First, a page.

The beauty products from the skin of executed Chinese prisoners

Okay *this* is just too much:

A Chinese cosmetics company is using skin harvested from the corpses of executed convicts to develop beauty products for sale in Europe, an investigation by the Guardian has discovered.

Agents for the firm have told would-be customers it is developing collagen for lip and wrinkle treatments from skin taken from prisoners after they have been shot. The agents say some of the company's products have been exported to the UK, and that the use of skin from condemned convicts is "traditional" and nothing to "make such a big fuss about".
He suggested that the use of skin and other tissues harvested from executed prisoners was not uncommon. "In China it is considered very normal and I was very shocked that western countries can make such a big fuss about this," he said. Speaking from his office in northern China, he added: "The government has put some pressure on all the medical facilities to keep this type of work in low profile."


Tuesday, September 13, 2005

Live Blogging from Waldorf Astoria...

I'm at the corner of 53rd and Park. We're all sitting around wondering "Where's Hu?" and the only answer is "Hu Knows?". He was supposed to be here at 11am, but as of 4pm (when I finally showed up) he is still in transit, or maybe he's taking a nap somewhere.

In the meantime, the Chinese Foreign Minister (we suspect) decided to make a visit to the loyal Chinese demonstrators on the street. Little did he know there were plenty of Tibetans and Falun Gong waiting in the midst to make his press opportunity a bit unpleasant. Kusho-la, Tendor, and Matt were right at the front...see the link below to a quicktime movie (you may need to download quicktime here: http://www.apple.com/quicktime) that i just filmed of the encounter.

Click here for the Quicktime movie of "Chinese official press moment spoiled". Its 19MB so it may take a little while to download. You may want to save it to disk.

Hopefully, Hu will arrive soon. I may not be here to cover it, but there will be plenty of other folks around to tell the tale later...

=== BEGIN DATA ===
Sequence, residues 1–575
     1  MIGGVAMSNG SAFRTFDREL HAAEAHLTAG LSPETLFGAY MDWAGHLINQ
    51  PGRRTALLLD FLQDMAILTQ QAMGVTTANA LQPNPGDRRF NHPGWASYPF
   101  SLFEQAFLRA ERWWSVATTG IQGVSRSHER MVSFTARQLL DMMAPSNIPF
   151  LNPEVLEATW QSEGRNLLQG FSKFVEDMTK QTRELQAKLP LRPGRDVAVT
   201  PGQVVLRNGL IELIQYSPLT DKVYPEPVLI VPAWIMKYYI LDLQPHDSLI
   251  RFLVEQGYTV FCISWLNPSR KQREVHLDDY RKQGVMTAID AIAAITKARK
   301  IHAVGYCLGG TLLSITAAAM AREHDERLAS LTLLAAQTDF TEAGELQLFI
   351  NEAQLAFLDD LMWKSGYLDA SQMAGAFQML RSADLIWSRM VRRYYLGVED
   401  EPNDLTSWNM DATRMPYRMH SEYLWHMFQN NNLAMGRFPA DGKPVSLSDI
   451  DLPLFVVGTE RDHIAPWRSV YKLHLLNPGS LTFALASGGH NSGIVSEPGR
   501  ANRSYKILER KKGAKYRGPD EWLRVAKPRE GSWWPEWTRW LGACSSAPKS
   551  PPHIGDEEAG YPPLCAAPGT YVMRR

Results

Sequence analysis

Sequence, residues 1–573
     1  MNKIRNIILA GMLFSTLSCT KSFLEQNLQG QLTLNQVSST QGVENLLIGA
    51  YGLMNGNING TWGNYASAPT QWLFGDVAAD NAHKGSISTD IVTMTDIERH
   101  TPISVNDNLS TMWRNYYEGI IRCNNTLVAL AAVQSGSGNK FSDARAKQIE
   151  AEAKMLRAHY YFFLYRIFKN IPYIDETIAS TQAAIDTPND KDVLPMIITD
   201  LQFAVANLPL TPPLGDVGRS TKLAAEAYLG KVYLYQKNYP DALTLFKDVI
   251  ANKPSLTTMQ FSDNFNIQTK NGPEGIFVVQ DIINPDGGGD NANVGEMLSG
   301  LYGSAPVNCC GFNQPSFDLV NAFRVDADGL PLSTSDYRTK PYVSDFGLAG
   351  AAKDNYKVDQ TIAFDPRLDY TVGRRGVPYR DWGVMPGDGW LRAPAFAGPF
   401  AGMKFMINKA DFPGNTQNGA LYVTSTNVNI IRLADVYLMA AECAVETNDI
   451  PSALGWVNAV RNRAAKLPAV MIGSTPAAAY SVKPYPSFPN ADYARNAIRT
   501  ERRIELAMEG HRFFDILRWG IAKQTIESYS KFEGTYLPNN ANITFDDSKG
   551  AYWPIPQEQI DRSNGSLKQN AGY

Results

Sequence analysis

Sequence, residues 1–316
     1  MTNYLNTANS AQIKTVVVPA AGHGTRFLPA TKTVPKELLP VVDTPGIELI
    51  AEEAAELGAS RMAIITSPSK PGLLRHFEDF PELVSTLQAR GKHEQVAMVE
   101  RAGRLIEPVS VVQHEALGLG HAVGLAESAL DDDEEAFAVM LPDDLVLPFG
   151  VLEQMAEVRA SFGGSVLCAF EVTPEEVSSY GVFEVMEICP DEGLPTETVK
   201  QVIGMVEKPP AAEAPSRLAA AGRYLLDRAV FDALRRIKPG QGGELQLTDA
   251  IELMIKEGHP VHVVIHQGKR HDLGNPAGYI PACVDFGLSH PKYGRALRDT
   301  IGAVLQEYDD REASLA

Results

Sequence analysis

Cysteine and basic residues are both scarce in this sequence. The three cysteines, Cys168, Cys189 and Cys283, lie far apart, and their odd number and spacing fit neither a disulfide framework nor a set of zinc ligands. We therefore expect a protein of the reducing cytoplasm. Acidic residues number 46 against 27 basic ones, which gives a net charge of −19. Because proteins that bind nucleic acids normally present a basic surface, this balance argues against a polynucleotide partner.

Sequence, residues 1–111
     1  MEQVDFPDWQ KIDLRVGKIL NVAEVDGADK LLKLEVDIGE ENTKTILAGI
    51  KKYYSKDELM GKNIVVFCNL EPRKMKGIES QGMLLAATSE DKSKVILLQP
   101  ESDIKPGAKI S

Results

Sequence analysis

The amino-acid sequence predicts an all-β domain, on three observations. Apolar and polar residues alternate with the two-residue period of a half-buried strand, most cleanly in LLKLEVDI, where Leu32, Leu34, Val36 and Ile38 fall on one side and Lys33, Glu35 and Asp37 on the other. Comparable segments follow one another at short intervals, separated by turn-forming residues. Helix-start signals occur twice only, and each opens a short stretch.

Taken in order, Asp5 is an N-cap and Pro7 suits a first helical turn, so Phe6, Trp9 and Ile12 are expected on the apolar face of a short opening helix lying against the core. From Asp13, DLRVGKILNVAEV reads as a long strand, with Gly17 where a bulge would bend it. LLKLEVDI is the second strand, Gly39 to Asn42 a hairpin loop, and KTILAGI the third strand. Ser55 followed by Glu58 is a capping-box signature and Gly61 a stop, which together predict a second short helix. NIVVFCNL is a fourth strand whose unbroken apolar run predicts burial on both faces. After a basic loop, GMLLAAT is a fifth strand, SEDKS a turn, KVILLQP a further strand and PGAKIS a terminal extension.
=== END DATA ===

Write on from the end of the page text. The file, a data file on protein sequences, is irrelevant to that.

Canada Protests - News Highlights

Here's two videos of the news coverage on the Canada protests. (Windows Media Player Required)

CTV News Toronto: Janice Golding on the protests 2:13

CTV News: Roger Smith on the human rights issue 1:52

My favorite part is when Hu is asked a question about Tibet and says "The question does not exist!". What does he think he's got Jedi mind powers or something?! Or maybe he's been watching our own White House press conferences.

Oh, and....Go Canada!!

Saturday, September 10, 2005


September 9, 2005

Dechen Goff - 647-886-5076 (mobile)
Kate Woznow – 778-322-3071 (mobile)
*Photo opportunity*

Canadian Government Urged to Press Hu Jintao on Tibetan Issue

OTTAWA, September 9th – China's President Hu Jintao will be met with protests calling for Tibetan independence during his first official visit to Canada today. Members of Students for a Free Tibet Canada (SFT Canada) are planning a demonstration in Ottawa to bring attention to China's ongoing military occupation of Tibet and pressure Prime Minister Paul Martin to ensure that Tibetan self-determination is on the agenda for discussions with the Chinese President. Protests are also planned for Vancouver, Toronto and New York.

"The situation in Tibet has not improved since Hu Jintao came to power," said Dechen Goff, a young Tibetan-Canadian lawyer and Chair of the SFT Canada Board of Directors. "The Chinese authorities continue to imprison and torture Tibetans for nothing more than the peaceful expression of their religious and political beliefs. The only change we've seen lately is the effort by the Chinese government to improve their public relations on the Tibetan issue."

Hu Jintao’s visit to Canada comes on the heels of China's recent celebrations of the “40th anniversary” of the establishment of the Tibetan Autonomous Region (TAR)-- the Chinese governments' most recent attempt to depict Tibet as an integral part of China rather than a distinct nation andd people with a rich history of independence.